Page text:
by Chris Hartley, director of athletics
I grew up identifying as a heterosexual, cis-gender, white male (and still do now) who found joy, challenge, and excitement participating in sports. My teammates were like family to me, and my participation in athletics helped me to learn life skills that have led to a successful career. It wasn’t until later in my life that I realized I was never taught the lesson to think about my own privilege and how some groups of people had different experiences in athletics than I did.
I first started to think about how athletics was cruel to people who identify as LGBTQ+ when I was in graduate school. I became close with one of the male students in my cohort, who told me he identified as gay. As we got to know each other, he shared his experiences in high school with me. It was painful to hear what he had experienced. His stories forced me to think about how different my experience was and how language and behaviors exhibited by my teammates and I made being an LGBTQ+ athlete difficult and unfair. That friend told me something that I have kept with me: “Chris, if you want the culture to change for LGBTQ+ kids in schools, you must understand that you have one of the most powerful voices. Heterosexual men have the ability to make some of the biggest impact in this work.”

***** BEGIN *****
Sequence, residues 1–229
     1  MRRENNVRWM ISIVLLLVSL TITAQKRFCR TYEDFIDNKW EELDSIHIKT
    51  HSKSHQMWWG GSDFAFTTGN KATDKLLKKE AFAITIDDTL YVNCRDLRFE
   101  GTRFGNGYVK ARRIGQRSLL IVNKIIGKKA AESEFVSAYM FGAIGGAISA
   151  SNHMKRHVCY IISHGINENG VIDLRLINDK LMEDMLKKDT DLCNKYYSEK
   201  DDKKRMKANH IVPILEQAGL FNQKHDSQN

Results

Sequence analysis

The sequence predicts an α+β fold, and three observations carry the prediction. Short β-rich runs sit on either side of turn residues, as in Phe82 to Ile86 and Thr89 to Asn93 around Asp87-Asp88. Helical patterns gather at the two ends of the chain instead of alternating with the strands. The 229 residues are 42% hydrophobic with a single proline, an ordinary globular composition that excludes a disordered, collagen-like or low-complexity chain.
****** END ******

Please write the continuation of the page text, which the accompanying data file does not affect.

That message jumped in front of me last June when I heard Hudson Taylor, founder of Athlete Ally, speak. Hudson identifies as heterosexual and cis-gender like I do, and was a nationally ranked wrestler who noticed homophobic language that existed in his sport. I knew exactly what he was talking about. As a male athlete, I learned, by listening to older athletes and some coaches, that it was acceptable to use homophobic or sexist language put down a teammate or a competitor. Hudson decided to create an organization to combat these awful practices. When I heard the statistic that LGBTQ+ students are three times less likely to participate in athletics than their heterosexual, cis-gender peers, my commitment to this work was re-energized. I left that presentation thinking about what needs to change in Lakeside Athletics so that more LGBTQ+ students feel supported in athletics, and see athletics as an option for them.
Tonight’s Pride Night event is just one step in the work this department is doing to ensure that every person who is a part of Lakeside Athletics feels supported, empowered, and included. There is more work to do, and I am committed to doing that work.
Chris Hartley is director of athletics at Lakeside School. Reach him at firstname.lastname@example.org.